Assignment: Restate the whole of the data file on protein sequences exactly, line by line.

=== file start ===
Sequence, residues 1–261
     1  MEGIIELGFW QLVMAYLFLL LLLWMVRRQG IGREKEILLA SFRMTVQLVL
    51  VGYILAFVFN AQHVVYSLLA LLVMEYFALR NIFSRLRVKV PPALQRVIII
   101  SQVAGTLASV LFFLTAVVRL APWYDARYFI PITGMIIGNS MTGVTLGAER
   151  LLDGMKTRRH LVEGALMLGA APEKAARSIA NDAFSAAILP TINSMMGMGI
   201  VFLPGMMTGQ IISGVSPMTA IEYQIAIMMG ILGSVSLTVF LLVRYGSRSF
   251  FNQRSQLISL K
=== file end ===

Sequence, residues 1–261
     1  MEGIIELGFW QLVMAYLFLL LLLWMVRRQG IGREKEILLA SFRMTVQLVL
    51  VGYILAFVFN AQHVVYSLLA LLVMEYFALR NIFSRLRVKV PPALQRVIII
   101  SQVAGTLASV LFFLTAVVRL APWYDARYFI PITGMIIGNS MTGVTLGAER
   151  LLDGMKTRRH LVEGALMLGA APEKAARSIA NDAFSAAILP TINSMMGMGI
   201  VFLPGMMTGQ IISGVSPMTA IEYQIAIMMG ILGSVSLTVF LLVRYGSRSF
   251  FNQRSQLISL K